Donald Trump’s nomination for Secretary of Education has claimed that records showing her to be vice president of a foundation that funds anti-LGBTQ organisations were a a “clerical error".
Betsy DeVos told her Senate confirmation hearing that the listings were “incorrect” despite records dating back to the 1990s apparently showing otherwise.
Senators confronted her about a perceived history of association between Ms DeVos’ family and anti-LGBTQ organisations, in a heated and often contentious hearing at the Senate Committee for Health, Education, Labor and Pensions.
One, Maggie Hassan told Ms DeVos she had records listing her as Vice President of the Edgar & Elsa Prince Foundation.
Run by Ms DeVos’ mother, it has donated more than $5 million (£4 million) to Focus on the Family, a group that supports gay conversion therapy, she said.
But Ms DeVos said: "I can assure you, I have never made decisions on my mother’s behalf, on her foundation board.”
Focus on the Family also oppose non-discrimination legislation designed to protect LGBTQ people, as well as campaigning against marriage equality and same-sex adoption.
The DeVos family have given over $10 million (£8.1 million) to Focus on the Family in recent years. The Dick and Betsy DeVos Family Foundation specifically, has given the group $275,000 (£223,000) from 1999 to 2001.
Ms DeVos attempted to distance herself from these ties, saying that these donations are her family’s and not her own, and that she would “embrace equality” for all students.
“I firmly believe in the intrinsic value of each individual and that every student should have the assurance of a safe and discrimination-free place to become educated, and I want to restate those principles,” she said.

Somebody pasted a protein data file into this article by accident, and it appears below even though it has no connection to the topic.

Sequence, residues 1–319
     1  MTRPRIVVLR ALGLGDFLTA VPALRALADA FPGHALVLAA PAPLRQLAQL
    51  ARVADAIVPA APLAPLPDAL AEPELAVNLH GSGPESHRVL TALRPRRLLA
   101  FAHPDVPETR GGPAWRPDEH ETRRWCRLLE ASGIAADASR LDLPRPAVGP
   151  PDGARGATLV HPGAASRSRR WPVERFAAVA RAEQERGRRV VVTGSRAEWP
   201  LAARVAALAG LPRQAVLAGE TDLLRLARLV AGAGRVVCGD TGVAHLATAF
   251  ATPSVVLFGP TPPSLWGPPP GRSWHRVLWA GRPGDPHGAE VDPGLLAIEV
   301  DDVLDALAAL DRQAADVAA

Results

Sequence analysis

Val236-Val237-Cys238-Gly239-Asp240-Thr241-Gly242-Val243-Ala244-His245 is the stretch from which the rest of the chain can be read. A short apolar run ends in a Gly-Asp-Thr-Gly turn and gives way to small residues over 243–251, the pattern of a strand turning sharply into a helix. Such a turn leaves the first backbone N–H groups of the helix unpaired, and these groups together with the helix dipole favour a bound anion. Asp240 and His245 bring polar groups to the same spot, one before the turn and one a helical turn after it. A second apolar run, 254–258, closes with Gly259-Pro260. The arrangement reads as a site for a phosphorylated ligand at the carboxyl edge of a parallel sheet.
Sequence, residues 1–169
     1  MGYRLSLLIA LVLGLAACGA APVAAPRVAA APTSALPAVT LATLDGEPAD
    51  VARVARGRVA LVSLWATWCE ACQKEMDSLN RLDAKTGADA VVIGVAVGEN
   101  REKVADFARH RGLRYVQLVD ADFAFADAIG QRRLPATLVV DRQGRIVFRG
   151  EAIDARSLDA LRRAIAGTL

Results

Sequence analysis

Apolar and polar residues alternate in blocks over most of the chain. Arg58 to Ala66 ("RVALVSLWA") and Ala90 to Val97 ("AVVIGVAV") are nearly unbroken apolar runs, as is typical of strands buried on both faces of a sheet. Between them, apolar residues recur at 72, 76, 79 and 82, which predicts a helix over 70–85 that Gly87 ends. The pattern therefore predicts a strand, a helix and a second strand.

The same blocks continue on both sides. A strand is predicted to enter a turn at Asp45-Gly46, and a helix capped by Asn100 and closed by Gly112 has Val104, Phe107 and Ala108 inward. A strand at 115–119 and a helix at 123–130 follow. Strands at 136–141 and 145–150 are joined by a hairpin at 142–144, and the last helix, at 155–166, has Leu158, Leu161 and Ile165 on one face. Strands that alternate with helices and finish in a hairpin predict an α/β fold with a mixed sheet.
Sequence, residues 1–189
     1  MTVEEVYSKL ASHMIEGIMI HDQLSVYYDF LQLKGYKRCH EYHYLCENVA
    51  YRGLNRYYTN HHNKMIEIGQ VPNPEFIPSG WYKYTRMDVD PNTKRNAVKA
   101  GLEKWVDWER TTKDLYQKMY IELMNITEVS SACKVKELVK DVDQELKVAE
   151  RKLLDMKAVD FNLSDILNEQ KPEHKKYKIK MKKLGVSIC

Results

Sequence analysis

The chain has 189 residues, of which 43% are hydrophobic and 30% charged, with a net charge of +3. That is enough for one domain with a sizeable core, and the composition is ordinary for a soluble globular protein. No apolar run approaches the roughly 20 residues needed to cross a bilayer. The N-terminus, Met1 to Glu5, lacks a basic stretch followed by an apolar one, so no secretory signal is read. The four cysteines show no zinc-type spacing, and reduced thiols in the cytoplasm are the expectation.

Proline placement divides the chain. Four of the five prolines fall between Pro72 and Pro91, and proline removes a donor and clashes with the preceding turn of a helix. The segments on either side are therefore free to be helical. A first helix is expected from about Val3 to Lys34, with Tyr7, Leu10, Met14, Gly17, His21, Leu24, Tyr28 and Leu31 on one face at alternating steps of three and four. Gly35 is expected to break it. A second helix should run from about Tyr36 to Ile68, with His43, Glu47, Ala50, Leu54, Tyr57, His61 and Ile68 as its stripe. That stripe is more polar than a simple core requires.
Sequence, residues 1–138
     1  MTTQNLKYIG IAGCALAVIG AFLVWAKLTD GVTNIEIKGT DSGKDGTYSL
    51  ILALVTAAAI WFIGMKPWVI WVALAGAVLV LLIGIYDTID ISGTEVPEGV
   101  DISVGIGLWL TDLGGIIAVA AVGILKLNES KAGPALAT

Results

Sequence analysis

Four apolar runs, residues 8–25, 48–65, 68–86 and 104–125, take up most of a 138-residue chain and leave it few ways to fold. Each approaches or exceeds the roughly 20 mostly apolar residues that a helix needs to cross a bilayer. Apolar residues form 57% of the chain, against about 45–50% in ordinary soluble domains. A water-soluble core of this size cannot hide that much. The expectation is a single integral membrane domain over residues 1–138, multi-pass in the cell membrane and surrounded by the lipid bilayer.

A history of anti-LGBTQ campaigns from Ms DeVos has worried members of that community.
Together with her husband Dick, Ms DeVos put an anti-gay marriage amendment onto Michigan ballots in 2004, contributing $200,000 (£162,000) to the ultimately successful campaign.
Senator Al Franken confronted Ms DeVos directly about the issue, asking her whether she “still believed in gay conversion therapy”.
She replied that she "never believed in that.”
The hearing covered a number of contentious issues, including the funding of the country’s public schools, and the fact Ms DeVos’ family has donated $200 million (£162 million) to the Republican Party.
Former Democratic presidential nominee Bernie Sanders suggested that this was the reason she was picked for the role.
Ms DeVos also argued that the threat from grizzly bears justified guns being allowed in some schools, after Donald Trump had suggested that gun-free zones around schools may be abolished.
Referring to an elementary school in Wyoming that built a fence as protection from wildlife, she said: “I think probably there, I would imagine that there's probably a gun in the school to protect from potential grizzlies”.Reuse content